I am currently starting my own garden (started pre-COVID19) and I am beginning to think that was a good idea on my part. 

 

Thanks again!!

I would call or email your local/county health department. They'll be easier to get a hold of than the state. Explain your situation then go from there.



#5 jenky

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Posted 27 April 2020 - 02:55 PM

We provided letters to all of our service partners that explained that we were an essential business, and by extension they are essential too if they are performing critcal work to keep us operating.  IMO this applies to lawn care since eliminating pest harborage is critical to operating a food business.  I really do not think the local health department is going to have an issue as long as social distancing is followed.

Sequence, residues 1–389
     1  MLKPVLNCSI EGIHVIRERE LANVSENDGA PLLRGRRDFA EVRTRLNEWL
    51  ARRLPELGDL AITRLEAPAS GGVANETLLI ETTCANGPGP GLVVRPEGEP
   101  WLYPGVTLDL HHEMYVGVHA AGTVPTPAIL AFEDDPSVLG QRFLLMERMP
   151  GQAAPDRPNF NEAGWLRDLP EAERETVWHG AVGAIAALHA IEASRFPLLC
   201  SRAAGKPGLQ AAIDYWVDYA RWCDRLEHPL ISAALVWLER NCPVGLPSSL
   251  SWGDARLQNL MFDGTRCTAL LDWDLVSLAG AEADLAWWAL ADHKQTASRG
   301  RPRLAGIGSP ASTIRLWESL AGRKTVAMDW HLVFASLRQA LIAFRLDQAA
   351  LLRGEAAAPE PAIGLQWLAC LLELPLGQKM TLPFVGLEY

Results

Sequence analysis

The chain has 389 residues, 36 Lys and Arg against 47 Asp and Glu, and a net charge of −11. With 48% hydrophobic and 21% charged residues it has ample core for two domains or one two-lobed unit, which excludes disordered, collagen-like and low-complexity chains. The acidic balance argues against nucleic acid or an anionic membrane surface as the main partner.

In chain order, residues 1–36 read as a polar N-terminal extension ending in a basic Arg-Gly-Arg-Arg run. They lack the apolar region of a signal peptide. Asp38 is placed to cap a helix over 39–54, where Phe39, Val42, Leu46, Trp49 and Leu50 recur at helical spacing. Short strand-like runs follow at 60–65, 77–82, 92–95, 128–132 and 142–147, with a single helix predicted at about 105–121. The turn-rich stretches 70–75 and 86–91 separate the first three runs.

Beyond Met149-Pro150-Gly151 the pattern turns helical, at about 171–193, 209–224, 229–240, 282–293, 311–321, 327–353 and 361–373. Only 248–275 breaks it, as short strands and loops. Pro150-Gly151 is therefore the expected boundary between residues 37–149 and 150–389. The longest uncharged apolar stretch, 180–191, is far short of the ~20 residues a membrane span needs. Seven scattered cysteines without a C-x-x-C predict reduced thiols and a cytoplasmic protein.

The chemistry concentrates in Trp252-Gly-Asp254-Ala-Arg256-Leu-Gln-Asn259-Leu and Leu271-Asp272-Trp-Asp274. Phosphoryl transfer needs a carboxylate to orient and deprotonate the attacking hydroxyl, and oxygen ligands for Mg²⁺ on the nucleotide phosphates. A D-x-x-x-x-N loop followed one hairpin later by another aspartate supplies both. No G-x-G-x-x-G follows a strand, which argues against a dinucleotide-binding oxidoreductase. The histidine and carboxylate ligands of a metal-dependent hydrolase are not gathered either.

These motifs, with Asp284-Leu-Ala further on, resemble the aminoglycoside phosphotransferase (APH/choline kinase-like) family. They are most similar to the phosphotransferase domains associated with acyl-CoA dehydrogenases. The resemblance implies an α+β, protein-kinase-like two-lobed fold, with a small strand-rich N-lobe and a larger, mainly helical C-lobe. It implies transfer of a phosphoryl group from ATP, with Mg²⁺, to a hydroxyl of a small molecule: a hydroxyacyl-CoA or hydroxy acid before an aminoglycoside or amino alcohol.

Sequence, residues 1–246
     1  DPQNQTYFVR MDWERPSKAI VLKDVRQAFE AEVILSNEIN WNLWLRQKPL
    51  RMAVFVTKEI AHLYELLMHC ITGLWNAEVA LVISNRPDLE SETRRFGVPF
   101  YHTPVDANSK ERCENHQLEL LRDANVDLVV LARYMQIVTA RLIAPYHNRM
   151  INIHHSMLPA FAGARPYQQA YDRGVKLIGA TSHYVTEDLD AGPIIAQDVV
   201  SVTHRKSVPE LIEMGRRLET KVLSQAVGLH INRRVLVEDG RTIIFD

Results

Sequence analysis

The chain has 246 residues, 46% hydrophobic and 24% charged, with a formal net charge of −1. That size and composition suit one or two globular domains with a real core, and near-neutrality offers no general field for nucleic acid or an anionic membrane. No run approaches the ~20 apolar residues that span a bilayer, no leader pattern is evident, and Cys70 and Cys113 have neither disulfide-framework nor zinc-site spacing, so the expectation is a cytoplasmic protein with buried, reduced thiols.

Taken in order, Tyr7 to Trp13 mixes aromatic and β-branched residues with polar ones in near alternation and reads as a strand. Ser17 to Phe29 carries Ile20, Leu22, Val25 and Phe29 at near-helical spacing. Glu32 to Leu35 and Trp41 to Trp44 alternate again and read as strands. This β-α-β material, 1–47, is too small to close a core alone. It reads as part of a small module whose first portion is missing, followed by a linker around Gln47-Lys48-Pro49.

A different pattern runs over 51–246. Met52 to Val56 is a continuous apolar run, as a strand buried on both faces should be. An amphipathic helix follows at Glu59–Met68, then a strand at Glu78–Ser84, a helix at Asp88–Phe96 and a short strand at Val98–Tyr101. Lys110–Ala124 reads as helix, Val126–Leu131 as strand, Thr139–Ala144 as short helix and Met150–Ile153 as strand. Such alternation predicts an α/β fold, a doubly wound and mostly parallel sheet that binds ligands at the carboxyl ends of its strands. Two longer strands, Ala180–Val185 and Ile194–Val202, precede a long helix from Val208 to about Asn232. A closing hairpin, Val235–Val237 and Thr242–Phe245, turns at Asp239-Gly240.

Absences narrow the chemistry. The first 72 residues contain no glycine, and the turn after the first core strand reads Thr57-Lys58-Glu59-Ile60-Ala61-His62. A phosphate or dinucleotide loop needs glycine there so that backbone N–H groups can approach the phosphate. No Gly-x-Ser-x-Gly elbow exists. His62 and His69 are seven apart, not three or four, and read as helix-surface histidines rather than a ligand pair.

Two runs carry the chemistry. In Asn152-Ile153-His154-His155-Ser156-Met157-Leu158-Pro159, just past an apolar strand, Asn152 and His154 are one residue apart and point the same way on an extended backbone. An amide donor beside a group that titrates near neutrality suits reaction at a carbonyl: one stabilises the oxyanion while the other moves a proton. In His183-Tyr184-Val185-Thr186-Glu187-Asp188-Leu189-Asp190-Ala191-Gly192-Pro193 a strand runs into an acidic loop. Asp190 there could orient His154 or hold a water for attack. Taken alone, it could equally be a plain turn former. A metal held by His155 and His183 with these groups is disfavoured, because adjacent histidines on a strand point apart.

Edited by jenky, 27 April 2020 - 02:55 PM.


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#6 SQFconsultant

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Posted 27 April 2020 - 03:54 PM

First off, agreed. I don't understand why someone can not come mow our grass when they come in contact with no one while doing so. With that aside, I appreciate your input, these were my thoughts too and reassuring.